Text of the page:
32. I'm in construction. You nailed it. The other big problem with the Tesla is their bed design takes away half of the utility. The Chevy Avalanche is another example. High sides that require you to use the rear of the truck to access in many cases. I can see the Rivian making inroads in construction, if they are not hauling a crew and spending hundreds of dollars in labor waiting for the recharge. A good truck for a superintendent.

  33. It's big, it's eye popping, it is something like you have never seen before, it's tough, it has the traction, it has incredible range, it gets you there in a hurry, it is something that is going to be talked about for the rest of your life after the ride, it gives you the silly stupefying grin that just won't go away and it's the most fun you will ever have with your clothes on. Cheers, John L. In Fairlawn Virginia USA

  34. If the general public changes to all electric the construction vehicles will contribute a smaller percentage of pollution until we solve the battery problem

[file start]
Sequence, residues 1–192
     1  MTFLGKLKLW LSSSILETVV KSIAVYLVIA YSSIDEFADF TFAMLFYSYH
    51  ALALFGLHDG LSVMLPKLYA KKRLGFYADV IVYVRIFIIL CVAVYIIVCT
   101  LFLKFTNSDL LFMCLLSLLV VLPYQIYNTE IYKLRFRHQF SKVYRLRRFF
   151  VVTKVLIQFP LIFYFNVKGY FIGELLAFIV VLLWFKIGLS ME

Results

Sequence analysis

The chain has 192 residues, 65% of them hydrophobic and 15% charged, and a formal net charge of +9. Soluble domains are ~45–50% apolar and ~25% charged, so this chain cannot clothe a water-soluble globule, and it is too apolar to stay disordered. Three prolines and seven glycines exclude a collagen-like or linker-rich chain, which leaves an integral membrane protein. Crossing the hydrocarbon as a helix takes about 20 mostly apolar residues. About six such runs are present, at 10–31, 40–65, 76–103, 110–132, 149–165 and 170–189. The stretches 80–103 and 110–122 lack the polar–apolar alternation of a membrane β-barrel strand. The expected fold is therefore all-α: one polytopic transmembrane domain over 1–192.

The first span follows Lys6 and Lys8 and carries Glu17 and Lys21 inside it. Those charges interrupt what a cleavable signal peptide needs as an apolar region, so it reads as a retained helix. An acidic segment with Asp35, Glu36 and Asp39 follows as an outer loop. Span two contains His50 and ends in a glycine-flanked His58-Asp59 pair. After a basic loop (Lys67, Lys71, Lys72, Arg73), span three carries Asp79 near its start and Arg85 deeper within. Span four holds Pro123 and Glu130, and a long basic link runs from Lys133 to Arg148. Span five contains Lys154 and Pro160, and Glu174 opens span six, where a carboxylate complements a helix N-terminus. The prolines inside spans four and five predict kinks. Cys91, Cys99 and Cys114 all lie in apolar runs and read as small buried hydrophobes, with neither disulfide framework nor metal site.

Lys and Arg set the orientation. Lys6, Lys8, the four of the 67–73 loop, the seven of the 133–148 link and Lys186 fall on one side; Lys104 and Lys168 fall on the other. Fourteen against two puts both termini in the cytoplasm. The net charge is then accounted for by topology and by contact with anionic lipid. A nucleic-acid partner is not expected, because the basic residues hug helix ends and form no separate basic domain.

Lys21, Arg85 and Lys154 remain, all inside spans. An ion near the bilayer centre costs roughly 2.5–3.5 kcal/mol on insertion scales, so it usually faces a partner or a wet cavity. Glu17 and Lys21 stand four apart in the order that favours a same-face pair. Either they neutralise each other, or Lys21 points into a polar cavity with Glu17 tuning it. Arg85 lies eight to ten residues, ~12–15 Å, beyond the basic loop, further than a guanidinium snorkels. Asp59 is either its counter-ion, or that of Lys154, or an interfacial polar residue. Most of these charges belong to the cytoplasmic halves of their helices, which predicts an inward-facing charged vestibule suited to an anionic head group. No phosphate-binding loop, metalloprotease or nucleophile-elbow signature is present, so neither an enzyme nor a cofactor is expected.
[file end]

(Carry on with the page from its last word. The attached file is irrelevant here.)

35. To better illustrate heavy duty truck utility and efficiency relating to energy density, do the math on the chemical potential energy in X gallons of gas/diesel multiplied by the efficiency of an ICE engine to utilize that energy. Compare that to energy density of a battery multiplied by the efficiency of a motor to do Newtonian work. Energy density of petrol fuels makes them better suited for these tasks even though efficiency is relatively low. This is also why Hydrogen as a fuel will never take off.

  36. Okay as a truck guy I can tell you that that data is nonsense I live in the country and almost everyone I know tows with their truck. Second of all you don’t understand truck buyers if you think 0-60 times matter. Now I like Tesla and think the Cybertruck is cool but I just don’t see it being an f-150 replacement.

  37. You mean most Ferrari's. The 458 2014 Ferrari gets 0 to 60 in 3.0 seconds. Pretty dumb statement saying 90s Ferraris. If the Cybertruck does 2.9 it's faster than most sports cars now. Lastly I could careless about Tesla.

  38. There are too many things wrong with this truck:
    While it can go 250-500 miles and tow up to 14000 but it cannot do both (TFL/Deboss garage)
    If one tows the truck will get 100-200 miles. Even worse during winter conditions